Teachers and administrators are already working to start school again, thinking about those back-to-school lessons, how to greet students as they come back from the winter break.
Educators have talked a lot about mindfulness and SEL this past year, so let's speak of those two things in context of back-to-school.
First, let us be mindful that not every child had a merry Christmas nor a happy new year. Not all holidays were merry and bright; some were dark and difficult for a whole range of reasons. Second, let us be realistic that for many of our students, school is a refuge and they will be grateful to be back at school even if they seem to be nominal students. And some of our students might be stressed because they're worried about the inevitable "What did you get for Christmas?" question.
You might invite your students to begin a gratitude journal (another resource is here), and model that by saying that you're grateful your students returned to school and how happy you are to see them. Your gratitude is about your students and maybe their smiles, not about stuff. If you're working with younger students, they may not yet have the writing skills for a journal, but they can draw pictures. So maybe they're grateful for school, for recess, for flowers. It doesn't matter but helping them focus on the good things they experience in their worlds is important. The more they express gratitude about small things, the better able they might be able to see and express gratitude for larger things as they learn to see and experience their worlds differently.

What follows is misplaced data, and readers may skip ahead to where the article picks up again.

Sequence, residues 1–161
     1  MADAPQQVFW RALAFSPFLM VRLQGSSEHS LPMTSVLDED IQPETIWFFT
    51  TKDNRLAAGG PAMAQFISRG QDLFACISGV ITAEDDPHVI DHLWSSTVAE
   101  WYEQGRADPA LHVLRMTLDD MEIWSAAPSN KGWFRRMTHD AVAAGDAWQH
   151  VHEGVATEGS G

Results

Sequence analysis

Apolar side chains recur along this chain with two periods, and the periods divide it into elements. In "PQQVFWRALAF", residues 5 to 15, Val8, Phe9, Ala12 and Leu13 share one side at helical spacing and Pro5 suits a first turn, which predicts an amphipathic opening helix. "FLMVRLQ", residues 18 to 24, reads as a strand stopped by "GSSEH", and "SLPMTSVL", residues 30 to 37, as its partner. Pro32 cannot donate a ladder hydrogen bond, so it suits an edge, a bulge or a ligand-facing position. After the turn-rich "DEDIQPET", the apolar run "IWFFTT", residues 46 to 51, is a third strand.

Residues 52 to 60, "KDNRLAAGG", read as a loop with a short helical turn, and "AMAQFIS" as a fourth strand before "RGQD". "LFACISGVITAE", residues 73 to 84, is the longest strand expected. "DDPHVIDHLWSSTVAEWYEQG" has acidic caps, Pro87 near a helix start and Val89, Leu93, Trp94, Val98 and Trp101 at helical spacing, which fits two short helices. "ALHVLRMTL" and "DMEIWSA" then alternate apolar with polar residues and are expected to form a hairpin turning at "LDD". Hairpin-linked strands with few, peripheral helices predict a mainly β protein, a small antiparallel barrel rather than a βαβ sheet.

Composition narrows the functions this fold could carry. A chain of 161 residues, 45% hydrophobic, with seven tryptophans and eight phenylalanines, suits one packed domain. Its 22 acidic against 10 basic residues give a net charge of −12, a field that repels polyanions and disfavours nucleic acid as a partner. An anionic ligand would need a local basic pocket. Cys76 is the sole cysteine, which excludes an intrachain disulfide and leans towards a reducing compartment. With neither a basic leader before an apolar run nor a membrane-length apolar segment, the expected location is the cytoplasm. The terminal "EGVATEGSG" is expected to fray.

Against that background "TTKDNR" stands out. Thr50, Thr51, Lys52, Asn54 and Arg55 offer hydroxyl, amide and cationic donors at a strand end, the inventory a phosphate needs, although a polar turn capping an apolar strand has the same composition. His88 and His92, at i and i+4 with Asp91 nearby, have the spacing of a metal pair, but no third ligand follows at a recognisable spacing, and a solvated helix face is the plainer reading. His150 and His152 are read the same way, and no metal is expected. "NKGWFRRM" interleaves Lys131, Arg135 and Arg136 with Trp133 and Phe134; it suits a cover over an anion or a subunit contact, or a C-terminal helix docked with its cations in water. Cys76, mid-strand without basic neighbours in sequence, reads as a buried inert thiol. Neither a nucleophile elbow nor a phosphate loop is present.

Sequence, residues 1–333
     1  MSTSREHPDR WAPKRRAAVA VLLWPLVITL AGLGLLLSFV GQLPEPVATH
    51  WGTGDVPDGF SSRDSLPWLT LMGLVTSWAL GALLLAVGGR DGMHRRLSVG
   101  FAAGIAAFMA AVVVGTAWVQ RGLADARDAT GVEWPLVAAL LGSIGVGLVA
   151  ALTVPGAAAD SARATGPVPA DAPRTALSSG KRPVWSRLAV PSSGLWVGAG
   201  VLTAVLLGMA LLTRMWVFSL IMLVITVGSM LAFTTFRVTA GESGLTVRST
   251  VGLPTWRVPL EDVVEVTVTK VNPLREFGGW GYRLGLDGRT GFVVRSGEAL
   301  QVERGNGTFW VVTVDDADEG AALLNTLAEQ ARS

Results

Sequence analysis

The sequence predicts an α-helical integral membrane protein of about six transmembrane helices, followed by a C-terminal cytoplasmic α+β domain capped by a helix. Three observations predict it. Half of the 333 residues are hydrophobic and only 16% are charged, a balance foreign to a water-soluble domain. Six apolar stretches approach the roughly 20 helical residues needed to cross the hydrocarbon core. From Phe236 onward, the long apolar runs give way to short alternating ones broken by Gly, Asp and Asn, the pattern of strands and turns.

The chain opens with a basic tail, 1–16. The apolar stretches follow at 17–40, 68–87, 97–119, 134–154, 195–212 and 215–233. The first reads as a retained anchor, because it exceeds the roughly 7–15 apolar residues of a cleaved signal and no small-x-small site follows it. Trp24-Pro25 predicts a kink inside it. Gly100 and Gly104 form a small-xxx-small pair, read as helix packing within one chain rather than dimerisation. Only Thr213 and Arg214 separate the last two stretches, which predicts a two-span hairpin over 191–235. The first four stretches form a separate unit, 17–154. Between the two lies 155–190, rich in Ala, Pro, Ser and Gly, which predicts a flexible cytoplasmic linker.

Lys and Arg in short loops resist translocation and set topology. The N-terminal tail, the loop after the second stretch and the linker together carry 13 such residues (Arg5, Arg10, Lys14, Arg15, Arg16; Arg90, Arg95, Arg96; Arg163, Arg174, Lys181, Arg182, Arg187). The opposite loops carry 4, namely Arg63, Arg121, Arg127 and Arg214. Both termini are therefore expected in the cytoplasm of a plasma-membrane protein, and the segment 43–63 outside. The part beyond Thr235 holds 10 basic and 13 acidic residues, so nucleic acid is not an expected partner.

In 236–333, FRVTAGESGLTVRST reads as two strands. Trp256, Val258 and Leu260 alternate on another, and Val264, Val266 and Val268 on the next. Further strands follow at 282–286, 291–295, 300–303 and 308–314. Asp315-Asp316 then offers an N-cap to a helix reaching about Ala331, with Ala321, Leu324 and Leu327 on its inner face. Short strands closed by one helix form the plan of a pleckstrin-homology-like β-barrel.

As students develop those skills for seeing their worlds and experiences differently, through a lens of gratitude, through a greater sense of safety and even control, perhaps, just perhaps the way they see and think about learning will begin to change for the better, which is the gist of SEL.
Expressing gratitude for one thing takes little time, but the payoff is bound to be substantial over time.
So thank you for what you do for your students every day. Every day.